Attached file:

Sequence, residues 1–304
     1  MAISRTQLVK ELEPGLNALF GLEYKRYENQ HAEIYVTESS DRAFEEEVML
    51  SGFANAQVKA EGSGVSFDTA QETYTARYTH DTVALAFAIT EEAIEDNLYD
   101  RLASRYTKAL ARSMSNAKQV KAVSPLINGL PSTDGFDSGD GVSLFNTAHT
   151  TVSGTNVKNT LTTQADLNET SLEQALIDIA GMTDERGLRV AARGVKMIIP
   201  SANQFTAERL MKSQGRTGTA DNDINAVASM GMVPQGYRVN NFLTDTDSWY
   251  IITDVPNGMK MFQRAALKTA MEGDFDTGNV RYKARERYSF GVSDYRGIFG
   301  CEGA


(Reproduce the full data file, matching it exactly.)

Sequence, residues 1–304
     1  MAISRTQLVK ELEPGLNALF GLEYKRYENQ HAEIYVTESS DRAFEEEVML
    51  SGFANAQVKA EGSGVSFDTA QETYTARYTH DTVALAFAIT EEAIEDNLYD
   101  RLASRYTKAL ARSMSNAKQV KAVSPLINGL PSTDGFDSGD GVSLFNTAHT
   151  TVSGTNVKNT LTTQADLNET SLEQALIDIA GMTDERGLRV AARGVKMIIP
   201  SANQFTAERL MKSQGRTGTA DNDINAVASM GMVPQGYRVN NFLTDTDSWY
   251  IITDVPNGMK MFQRAALKTA MEGDFDTGNV RYKARERYSF GVSDYRGIFG
   301  CEGA